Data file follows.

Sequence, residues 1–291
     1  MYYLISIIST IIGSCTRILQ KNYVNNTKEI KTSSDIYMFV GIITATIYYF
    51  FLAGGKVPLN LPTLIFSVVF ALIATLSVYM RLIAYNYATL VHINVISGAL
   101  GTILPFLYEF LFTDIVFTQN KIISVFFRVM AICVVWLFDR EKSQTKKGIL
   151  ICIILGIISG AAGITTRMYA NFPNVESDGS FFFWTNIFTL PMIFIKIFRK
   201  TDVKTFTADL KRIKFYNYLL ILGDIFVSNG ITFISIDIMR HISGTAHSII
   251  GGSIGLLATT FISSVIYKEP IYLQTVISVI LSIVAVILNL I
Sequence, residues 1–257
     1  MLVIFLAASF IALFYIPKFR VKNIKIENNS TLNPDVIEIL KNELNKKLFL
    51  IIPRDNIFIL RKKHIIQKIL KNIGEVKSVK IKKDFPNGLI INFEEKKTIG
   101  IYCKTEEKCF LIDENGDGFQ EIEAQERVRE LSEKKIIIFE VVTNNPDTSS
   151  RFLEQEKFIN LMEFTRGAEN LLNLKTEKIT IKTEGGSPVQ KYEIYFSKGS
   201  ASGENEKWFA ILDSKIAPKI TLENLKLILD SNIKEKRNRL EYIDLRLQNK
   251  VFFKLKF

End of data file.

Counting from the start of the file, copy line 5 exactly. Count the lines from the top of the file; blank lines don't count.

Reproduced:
   151  ICIILGIISG AAGITTRMYA NFPNVESDGS FFFWTNIFTL PMIFIKIFRK